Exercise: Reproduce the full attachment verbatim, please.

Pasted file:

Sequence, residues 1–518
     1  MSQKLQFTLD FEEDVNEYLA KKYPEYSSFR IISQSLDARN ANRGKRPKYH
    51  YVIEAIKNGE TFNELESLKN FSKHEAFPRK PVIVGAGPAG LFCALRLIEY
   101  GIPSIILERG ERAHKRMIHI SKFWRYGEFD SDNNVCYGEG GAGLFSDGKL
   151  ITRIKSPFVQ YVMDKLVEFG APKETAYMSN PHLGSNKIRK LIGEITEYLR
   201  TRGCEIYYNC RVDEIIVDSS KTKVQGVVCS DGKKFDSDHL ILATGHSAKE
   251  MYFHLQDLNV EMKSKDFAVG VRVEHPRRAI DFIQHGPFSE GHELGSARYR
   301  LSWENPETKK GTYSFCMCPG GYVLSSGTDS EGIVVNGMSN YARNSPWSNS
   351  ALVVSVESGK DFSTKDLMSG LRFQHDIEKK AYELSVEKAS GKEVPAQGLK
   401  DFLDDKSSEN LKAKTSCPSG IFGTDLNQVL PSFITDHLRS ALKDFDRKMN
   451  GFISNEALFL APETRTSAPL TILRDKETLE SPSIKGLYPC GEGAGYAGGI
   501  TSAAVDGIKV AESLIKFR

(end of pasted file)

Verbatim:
Sequence, residues 1–518
     1  MSQKLQFTLD FEEDVNEYLA KKYPEYSSFR IISQSLDARN ANRGKRPKYH
    51  YVIEAIKNGE TFNELESLKN FSKHEAFPRK PVIVGAGPAG LFCALRLIEY
   101  GIPSIILERG ERAHKRMIHI SKFWRYGEFD SDNNVCYGEG GAGLFSDGKL
   151  ITRIKSPFVQ YVMDKLVEFG APKETAYMSN PHLGSNKIRK LIGEITEYLR
   201  TRGCEIYYNC RVDEIIVDSS KTKVQGVVCS DGKKFDSDHL ILATGHSAKE
   251  MYFHLQDLNV EMKSKDFAVG VRVEHPRRAI DFIQHGPFSE GHELGSARYR
   301  LSWENPETKK GTYSFCMCPG GYVLSSGTDS EGIVVNGMSN YARNSPWSNS
   351  ALVVSVESGK DFSTKDLMSG LRFQHDIEKK AYELSVEKAS GKEVPAQGLK
   401  DFLDDKSSEN LKAKTSCPSG IFGTDLNQVL PSFITDHLRS ALKDFDRKMN
   451  GFISNEALFL APETRTSAPL TILRDKETLE SPSIKGLYPC GEGAGYAGGI
   501  TSAAVDGIKV AESLIKFR